After coming to power in 1949, the Communist Party quickly ordered a nationwide crackdown on prostitution, which the public welcomed, literally, with song and praise.
Six decades later, the world's oldest profession is alive and well on the mainland, and periodic campaigns to stamp it out are more likely to stir public sympathy for sex workers.
News of this week's vice blitz in the Pearl River Delta industrial hub of Dongguan was met with online comments like "Dongguan, hang in there" and "the public has your back".
The Guangdong provincial propaganda department, on the day after the CCTV exposé that sparked the police raids, said on its Sina Weibo account that people should judge Dongguan by its other merits, such as its tolerance of outsiders and contribution to the world's electronics industry. The people of the city need not worry about "being looked down upon", it said, without mentioning the police raids.
The simple truth is that no amount of police effort can eradicate certain human needs. The intensity of the public reaction to the crackdown reflected not just the lack of credibility of such government programmes, but also how social values have changed in modern times.
The report aired by CCTV on Sunday claimed the city's thriving underground sex trade was being protected by po lice.
Watch: CCTV news report on sex trade in Dongguan
According to local media reports, Guangdong party secretary, Hu Chunhua, ordered the crackdown straight after he watched the report. On Thursday, Xinhua reported a special task force involving the city's entire police force would conduct a three-month, provincial-wide campaign to eradicate prostitution. Guangdong provincial public security chief Li Chunsheng also vowed to root out police involvement in the trade.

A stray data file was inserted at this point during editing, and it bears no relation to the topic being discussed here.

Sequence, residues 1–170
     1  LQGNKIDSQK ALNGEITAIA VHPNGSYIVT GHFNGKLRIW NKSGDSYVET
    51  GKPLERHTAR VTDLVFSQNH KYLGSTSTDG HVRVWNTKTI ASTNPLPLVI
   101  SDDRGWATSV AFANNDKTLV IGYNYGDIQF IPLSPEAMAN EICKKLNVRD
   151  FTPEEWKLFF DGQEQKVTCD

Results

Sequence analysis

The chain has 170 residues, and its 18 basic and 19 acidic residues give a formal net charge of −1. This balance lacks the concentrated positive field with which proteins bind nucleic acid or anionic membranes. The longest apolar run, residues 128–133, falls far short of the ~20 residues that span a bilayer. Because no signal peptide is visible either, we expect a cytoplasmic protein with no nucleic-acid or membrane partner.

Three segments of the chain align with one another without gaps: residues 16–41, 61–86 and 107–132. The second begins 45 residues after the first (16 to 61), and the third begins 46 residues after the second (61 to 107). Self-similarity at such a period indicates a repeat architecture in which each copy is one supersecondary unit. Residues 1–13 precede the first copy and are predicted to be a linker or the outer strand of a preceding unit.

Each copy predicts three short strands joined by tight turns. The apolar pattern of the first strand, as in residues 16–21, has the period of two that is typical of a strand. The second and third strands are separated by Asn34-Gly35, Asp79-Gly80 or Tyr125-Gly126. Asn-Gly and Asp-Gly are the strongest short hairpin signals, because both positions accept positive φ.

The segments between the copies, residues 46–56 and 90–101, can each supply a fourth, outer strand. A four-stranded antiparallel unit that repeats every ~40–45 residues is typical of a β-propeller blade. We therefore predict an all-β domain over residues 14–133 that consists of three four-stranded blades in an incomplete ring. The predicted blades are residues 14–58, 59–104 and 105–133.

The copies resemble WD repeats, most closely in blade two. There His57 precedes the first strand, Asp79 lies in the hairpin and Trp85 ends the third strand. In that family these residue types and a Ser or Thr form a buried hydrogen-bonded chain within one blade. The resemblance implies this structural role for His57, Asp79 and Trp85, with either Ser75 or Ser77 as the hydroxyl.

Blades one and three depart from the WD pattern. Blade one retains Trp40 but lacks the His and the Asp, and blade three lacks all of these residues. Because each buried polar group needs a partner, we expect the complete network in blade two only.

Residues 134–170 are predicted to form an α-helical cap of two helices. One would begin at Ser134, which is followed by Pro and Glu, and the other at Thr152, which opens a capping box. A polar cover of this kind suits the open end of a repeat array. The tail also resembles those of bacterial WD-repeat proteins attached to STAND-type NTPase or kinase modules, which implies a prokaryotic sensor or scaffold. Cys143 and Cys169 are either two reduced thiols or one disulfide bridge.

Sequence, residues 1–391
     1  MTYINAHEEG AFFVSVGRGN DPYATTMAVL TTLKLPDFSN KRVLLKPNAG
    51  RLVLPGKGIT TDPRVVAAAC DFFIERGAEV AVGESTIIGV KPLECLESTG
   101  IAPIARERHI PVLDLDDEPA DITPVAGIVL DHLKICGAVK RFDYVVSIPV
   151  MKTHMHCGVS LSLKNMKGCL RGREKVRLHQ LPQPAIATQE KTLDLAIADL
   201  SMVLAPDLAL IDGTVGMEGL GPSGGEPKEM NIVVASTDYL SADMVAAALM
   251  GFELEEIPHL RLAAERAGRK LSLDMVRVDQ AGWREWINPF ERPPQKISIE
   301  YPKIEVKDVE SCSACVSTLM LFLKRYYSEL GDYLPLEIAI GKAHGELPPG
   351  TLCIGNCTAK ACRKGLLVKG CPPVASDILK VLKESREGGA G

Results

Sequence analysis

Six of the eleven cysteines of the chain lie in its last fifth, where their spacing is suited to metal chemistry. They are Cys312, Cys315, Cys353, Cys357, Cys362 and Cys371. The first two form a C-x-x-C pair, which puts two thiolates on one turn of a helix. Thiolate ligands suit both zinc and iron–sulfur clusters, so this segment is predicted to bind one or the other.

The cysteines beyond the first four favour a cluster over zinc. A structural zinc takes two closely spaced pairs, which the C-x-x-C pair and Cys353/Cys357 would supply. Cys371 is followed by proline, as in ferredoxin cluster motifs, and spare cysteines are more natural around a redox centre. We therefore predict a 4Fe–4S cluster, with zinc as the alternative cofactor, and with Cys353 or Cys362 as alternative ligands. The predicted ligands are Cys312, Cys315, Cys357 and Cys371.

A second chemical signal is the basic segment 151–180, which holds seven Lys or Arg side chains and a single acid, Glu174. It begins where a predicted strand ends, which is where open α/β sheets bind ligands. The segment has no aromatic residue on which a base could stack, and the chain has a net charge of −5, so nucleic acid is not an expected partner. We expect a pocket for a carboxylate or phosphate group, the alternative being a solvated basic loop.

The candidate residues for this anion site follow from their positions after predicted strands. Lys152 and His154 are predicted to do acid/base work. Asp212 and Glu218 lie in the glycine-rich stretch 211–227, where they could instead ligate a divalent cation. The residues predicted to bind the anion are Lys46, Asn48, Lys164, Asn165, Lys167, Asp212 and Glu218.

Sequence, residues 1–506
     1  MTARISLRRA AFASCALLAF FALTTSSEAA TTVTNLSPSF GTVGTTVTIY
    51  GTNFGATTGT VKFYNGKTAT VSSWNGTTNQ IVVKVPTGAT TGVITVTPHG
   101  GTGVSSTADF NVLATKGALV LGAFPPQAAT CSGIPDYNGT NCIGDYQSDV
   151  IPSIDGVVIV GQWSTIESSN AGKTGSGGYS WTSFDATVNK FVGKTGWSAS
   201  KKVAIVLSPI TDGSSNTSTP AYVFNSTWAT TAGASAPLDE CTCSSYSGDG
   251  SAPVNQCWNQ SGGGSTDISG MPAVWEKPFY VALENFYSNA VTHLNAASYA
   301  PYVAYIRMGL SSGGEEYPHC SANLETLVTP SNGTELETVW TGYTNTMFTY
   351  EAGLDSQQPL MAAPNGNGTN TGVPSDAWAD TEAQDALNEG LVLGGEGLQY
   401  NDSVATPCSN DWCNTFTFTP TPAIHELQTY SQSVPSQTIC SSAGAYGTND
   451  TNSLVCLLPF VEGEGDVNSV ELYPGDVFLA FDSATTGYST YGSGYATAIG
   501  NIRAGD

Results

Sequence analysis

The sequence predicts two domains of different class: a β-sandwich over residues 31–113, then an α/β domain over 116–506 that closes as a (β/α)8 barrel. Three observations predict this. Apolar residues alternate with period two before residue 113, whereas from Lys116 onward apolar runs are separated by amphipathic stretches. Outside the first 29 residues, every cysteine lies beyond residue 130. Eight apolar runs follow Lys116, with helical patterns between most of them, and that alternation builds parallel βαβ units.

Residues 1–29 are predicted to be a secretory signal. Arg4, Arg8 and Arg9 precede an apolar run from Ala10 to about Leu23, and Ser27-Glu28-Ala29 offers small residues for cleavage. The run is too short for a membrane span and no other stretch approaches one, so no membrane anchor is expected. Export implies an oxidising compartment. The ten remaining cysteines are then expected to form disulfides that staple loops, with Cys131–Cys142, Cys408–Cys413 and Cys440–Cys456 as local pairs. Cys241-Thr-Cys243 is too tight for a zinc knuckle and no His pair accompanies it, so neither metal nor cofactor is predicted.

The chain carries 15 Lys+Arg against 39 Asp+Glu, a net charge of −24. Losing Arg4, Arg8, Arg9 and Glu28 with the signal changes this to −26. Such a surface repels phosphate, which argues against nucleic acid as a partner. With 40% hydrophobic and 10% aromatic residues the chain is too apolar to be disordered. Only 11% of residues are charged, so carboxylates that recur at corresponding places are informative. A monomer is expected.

While many countries legalise or at least regulate prostitution, mostly for public health and to prevent crime, mainland authorities see such solutions to the "problem" - to quote a recent People's Daily editorial - as "blasphemy against civilisation".
The emergence of such a thriving sex industry in a place like Dongguan is a complicated matter and should not simply be treated as a moral issue. It could also be argued that, compared with polluting state-controlled energy corporations, or manufacturers of tainted infant milk formula, or official corruption, the sex trade is more honest.
It is an open secret that Li Dongsheng , the former deputy national police chief who worked for two decades at CCTV, introduced at least two anchor women as wives to senior officials including Zhou Yongkang - a real irony for the state broadcaster who exposed the Dongguan sex trade.
According to sources, some Dongguan police were tipped off before the Lunar New Year about the looming crackdown. The biggest players with the most at stake were warned to dodge police raids. Media reports said many hotels, saunas and massage parlours avoided being raided by claiming they were carrying out renovations or had simply closed for business. It was also reported that more than 60 per cent of the working women had been warned to stay at home until the campaign passed.
On a more pragmatic level, the police move could cost Dongguan dearly, not only to the sex industry directly, but also the livelihoods of taxi drivers, cosmetics and fashion retailers, and landlords. Others say the crackdown could wipe 50 billion yuan (HK$64 billion) from Dongguan's economy, or 10 per cent of the city's gross domestic product.
And while the police might drive the sex industry out of Dongguan, many believe it will simply move elsewhere.
"Many of the businesses have relocated to Ronggui and Nanhai townships in Foshan , and others have gone to Zhongshan ," one knowledgeable person said . "They are offering higher commissions to the women. These places are less notorious, offering more stable income."
Why is it okay to turn a blind eye to the rich and powerful who spoil their mistresses with ill-gotten money while barring sex workers from making a living?